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CHINA INLAND MISSION, 1865-1951
from the School of Oriental and African Studies, London

Part 4: Additional CIM Papers and Chefoo Mission Papers

The Archives of the China Inland Mission (CIM) are one of the most interesting and revealing missiological sources that we have for the study of China in the 19th and 20th centuries.

In Parts 1 and 2 we made available the papers of James Hudson Taylor (1832-1905), founder of the CIM. In Part 3 we covered the organisational records of the CIM.

In this fourth part we cover both the records of the Chefoo Schools Association, 1880-1999, and memoirs and publications of the CIM.

The Chefoo School was founded as the ‘Protestant Collegiate School’ in Chefoo (Yantai) in Northern China in 1880, some fifteen years after the foundation of the CIM. Its original purpose was to teach the children of missionaries who were active in the field and it was based in a building which also served as a sanatorium for sick missionaries. It was a boarding school and it also welcomed children from the business and diplomatic communities. It followed the British model of education and placed a heavy emphasis on classics, religious education and sport. Famous alumni include Jim Broomhall, Alfred Luce and Thornton Wilder.

The school grew rapidly. In 1881 there were just three pupils (Fred, Ross and Edwin Judd), but by 1886 there were over 100 pupils and the Boys and Girls schools were separated. The numbers more than doubled by 1894 and in 1895 a new Prep School was built nearby in Tong-Hsin. A further Prep School was built in Kuling, Central China in 1909 and both the Girls and Boys schools were enlarged. All of this is documented in the archive which includes records and registers starting in 1880 and Minute Books starting in 1908. There are also some fascinating historical notes on Chefoo Schools compiled by Fred H Judd describing events from 1880 to 1948.

Head Masters at Chefoo included W L Elliston (1881-1886), H L Norris (1886-1889), Frank McCarthy (1895-1930), Pat Bruce (1930-1945), and Stanley Houghton (1947-1950). Their various administrations are captured in numerous photographic sources within the archive and also in runs of The Chefusian, 1928-1935, and The Chefoo Magazine, 1916-1999 (with gaps).

When Japan invaded China in 1937, the school continued to operate as normal, as Europeans were regarded as neutrals. However, following the attack on Pearl Harbor on 7 December 1941 everything changed and the staff and all remaining pupils were placed in internment camps. At first they were placed at Temple Hill and in 1943 they moved to Weihsien, where they remained until they were liberated in August 1945. The archive contains some remarkable records of this period including autograph books and sketches made by people in the camps.

During the war the school had kept going with various offshoots in Kiating (1941-1944), Kalimpong, India (1944-1946) and Shanghai (1946-1947) and the school was officially reopened in Kuling (in the building formerly held by the Kuling American School) in 1947. Over 100 students were in place when Communist forces took control of Kuling in 1949 and the school was allowed to continue with its business until early 1951, when the CIM decided to withdraw from China completely. Following the wartime example, the school kept going by relocating and it established new schools in Japan (1951-1998), Malaysia (1952-2001), Thailand (1952-1954), Taiwan (1954-1961) and the Philippines (1956-1981).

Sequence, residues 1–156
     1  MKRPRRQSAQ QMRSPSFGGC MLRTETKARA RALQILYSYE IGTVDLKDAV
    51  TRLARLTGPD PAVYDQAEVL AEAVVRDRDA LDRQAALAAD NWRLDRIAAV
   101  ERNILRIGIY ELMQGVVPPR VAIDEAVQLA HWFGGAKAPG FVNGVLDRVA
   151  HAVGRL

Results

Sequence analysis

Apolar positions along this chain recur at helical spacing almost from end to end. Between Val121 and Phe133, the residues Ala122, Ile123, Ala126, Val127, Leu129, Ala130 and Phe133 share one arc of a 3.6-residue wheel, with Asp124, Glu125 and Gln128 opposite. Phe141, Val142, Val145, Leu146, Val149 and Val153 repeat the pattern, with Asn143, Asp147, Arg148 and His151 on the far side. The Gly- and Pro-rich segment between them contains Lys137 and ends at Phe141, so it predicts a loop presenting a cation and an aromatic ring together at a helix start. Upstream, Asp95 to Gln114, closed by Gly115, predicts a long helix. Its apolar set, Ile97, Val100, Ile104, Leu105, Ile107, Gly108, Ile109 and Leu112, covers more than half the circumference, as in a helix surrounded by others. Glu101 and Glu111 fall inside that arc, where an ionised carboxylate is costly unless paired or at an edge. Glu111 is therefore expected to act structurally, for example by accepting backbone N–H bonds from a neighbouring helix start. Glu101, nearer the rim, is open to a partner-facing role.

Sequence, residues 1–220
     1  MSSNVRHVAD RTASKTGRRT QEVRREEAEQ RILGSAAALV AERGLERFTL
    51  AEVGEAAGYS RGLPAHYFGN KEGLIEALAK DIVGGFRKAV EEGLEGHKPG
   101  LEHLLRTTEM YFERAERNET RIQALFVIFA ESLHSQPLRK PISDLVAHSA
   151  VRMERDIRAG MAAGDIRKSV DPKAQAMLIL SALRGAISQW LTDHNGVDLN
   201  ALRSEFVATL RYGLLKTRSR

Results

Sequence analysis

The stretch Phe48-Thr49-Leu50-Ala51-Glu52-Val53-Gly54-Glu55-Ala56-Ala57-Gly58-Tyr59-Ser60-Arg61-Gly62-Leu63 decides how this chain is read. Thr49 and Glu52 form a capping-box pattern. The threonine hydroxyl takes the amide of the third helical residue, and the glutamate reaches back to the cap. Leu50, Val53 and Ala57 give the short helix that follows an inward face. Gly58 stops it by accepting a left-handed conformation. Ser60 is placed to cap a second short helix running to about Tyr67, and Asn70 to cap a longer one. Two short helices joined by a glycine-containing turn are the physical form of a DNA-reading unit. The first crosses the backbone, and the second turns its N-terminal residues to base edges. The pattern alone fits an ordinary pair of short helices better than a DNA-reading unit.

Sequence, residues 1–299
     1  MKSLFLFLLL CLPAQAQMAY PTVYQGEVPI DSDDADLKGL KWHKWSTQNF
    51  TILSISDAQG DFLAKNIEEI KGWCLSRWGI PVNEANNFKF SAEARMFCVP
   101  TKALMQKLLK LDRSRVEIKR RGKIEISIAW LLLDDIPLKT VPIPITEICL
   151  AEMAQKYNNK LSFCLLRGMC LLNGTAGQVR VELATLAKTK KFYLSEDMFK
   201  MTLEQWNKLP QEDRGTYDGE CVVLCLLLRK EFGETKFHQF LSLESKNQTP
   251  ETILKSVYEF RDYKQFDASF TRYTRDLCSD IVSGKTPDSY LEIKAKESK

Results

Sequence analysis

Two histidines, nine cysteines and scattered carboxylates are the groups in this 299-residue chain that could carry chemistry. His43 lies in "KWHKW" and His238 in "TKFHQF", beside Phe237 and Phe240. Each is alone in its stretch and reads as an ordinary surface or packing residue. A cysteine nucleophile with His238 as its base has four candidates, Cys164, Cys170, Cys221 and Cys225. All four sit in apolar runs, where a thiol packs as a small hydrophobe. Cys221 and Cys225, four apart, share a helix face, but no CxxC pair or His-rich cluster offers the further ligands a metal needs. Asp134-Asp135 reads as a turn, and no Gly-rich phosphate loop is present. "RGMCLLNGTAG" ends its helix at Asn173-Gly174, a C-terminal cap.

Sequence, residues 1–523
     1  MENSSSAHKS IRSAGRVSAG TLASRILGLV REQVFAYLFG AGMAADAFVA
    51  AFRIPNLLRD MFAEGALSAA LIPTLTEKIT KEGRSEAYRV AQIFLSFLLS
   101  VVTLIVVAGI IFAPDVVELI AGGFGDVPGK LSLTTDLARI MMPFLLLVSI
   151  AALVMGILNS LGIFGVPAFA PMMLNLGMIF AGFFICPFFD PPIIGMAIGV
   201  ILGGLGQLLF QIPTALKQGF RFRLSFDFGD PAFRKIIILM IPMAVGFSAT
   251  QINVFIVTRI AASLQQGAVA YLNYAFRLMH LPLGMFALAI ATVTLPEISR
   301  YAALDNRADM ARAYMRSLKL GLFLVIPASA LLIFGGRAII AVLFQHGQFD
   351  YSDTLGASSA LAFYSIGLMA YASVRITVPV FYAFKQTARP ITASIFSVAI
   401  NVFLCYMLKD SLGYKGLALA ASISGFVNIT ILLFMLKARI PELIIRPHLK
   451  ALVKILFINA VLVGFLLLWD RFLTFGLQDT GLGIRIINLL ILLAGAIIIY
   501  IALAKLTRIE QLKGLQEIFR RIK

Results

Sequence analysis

The Chefoo Schools Association was founded in 1908 as an association for all former staff and pupils and continues today, with branches in Australia, New Zealand and North America.

Gordon Martin’s Chefoo School, 1881-1951 provides an excellent history of the school and is included on Reel 66 of this microfilm edition. There are also many articles describing the school and reminiscences by alumni.

In addition to the Chefoo Schools papers we also include a final section of material from the main CIM archive covering memoirs and publications of the CIM.

The memoirs are a wonderful source for early mission history and include titles such as Charles Guzlaff’s Journal of Three Voyages Along the Cost of China (1834), Evan Davies’ Memoir of Rev Samuel Dyer (1846) and A E Moule’s The Story of the Cheh-Kiang Mission (1879) and Ningpo Ancient and Modern (1909). There are also numerous works by James Hudson Taylor.

The publications include rare internal publications, religious tracts, posters and visual materials. Sample titles include China and Mohammed (1948) and Communism and Christianity in China (1951).

This is an excellent source for all those interested in missiology, the progress of evangelical Christianity, interactions between East and West, and the social and cultural history of China.

Thanks are due to Susannah Rayner, Head of Archives & Special Collections at SOAS, for her help in the preparation of this microfilm edition.



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